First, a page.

Cookie fruit

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Possible Answers: FIG, FIGS.

Last seen on: –LA Times Crossword 17 Jul 19, Wednesday

Random information on the term “FIG”:

Ficus carica is an Asian species of flowering plants in the mulberry family, known as the common fig (or just the fig). It is the source of the fruit also called the fig, and as such is an important crop in those areas where it is grown commercially. Native to the Middle East and western Asia, it has been sought out and cultivated since ancient times, and is now widely grown throughout the world, both for its fruit and as an ornamental plant. The species has become naturalized in scattered locations in Asia and North America.

The term fig has its origins from the Latin word, ficus, as well as the older Hebrew name, feg. The name of the caprifig (Ficus caprificus Risso) is derived from Latin, with capro referring to goat and ficus referring to fig.

Ficus carica is a gynodioecious (functionally dioecious), deciduous tree or large shrub, growing to a height of 7–10 metres (23–33 ft), with smooth white bark. Its fragrant leaves are 12–25 centimetres (4.7–9.8 in) long and 10–18 centimetres (3.9–7.1 in) across, and deeply lobed with three or five lobes. The complex inflorescence consists of a hollow fleshy structure called the syconium, which is lined with numerous unisexual flowers. The flowers themselves are not visible from outside the syconium, as they bloom inside the infructescence. Although commonly referred to as a fruit, the fig is actually the infructescence or scion of the tree, known as a false fruit or multiple fruit, in which the flowers and seeds are borne. It is a hollow-ended stem containing many flowers. The small orifice (ostiole) visible on the middle of the fruit is a narrow passage, which allows the specialized fig wasp Blastophaga psenes to enter the fruit and pollinate the flower, whereafter the fruit grows seeds. See Ficus: Fig fruit and reproduction system.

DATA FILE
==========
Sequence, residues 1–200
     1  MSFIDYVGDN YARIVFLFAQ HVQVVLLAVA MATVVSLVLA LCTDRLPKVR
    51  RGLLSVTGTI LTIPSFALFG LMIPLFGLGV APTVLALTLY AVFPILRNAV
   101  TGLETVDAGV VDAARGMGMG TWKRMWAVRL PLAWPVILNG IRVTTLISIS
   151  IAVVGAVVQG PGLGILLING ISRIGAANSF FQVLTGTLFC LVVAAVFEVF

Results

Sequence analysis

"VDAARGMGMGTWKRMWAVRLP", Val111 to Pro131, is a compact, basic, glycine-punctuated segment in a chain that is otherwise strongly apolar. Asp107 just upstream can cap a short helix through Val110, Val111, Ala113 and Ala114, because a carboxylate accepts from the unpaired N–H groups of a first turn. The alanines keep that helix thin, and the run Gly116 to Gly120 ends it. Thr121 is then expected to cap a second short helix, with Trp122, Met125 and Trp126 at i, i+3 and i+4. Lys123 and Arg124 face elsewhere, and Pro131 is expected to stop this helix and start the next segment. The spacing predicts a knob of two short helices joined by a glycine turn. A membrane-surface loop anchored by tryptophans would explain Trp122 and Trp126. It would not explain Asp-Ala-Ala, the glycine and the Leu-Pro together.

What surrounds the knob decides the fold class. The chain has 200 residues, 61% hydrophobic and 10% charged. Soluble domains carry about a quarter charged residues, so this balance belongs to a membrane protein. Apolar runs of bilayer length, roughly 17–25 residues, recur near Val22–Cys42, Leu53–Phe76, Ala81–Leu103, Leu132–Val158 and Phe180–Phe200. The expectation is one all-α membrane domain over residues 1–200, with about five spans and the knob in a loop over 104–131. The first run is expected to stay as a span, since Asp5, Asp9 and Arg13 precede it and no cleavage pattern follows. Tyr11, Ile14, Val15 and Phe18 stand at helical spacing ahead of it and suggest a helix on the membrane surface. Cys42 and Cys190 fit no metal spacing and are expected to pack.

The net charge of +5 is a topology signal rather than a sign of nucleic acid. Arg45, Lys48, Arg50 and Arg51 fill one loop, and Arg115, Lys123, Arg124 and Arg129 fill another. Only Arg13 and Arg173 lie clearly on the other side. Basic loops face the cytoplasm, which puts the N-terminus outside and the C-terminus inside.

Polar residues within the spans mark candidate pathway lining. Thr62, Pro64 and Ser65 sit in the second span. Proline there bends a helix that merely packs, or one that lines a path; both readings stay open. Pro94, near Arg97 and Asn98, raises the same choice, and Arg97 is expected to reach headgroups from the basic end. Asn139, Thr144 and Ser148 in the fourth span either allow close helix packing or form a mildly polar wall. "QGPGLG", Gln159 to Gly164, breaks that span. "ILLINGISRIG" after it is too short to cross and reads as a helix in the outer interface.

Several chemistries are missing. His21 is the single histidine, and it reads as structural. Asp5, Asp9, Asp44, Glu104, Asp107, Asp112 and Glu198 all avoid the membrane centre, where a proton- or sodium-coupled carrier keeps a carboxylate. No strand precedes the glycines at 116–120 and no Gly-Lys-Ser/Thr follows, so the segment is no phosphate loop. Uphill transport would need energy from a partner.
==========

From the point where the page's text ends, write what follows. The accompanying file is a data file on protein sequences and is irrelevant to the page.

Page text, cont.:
FIG on Wikipedia

Random information on the term “FIGS”:

In internationalization, CJK is a collective term for the Chinese, Japanese, and Korean languages, all of which use Chinese characters and derivatives (collectively, CJK characters) in their writing systems. Occasionally, Vietnamese is included, making the abbreviation CJKV, since Vietnamese historically used Chinese characters as well.

Collectively, the CJKV characters often include hànzì in Chinese, kanji, kana in Japanese, hanja, hangul in Korean, and Hán tự, chữ Nôm in Vietnamese.

Chinese is written almost exclusively in Chinese characters. It requires over 3,000 characters for general literacy, but up to 40,000 characters for reasonably complete coverage. Japanese uses fewer characters — general literacy in Japan can be expected with 1,945 characters. The use of Chinese characters in Korea is becoming increasingly rare, although idiosyncratic use of Chinese characters in proper names requires knowledge (and therefore availability) of many more characters.

Other scripts used for these languages, such as bopomofo and the Latin-based pinyin for Chinese, hiragana and katakana for Japanese, and hangul for Korean, are not strictly “CJK characters”, although CJK character sets almost invariably include them as necessary for full coverage of the target languages.

FIGS on Wikipedia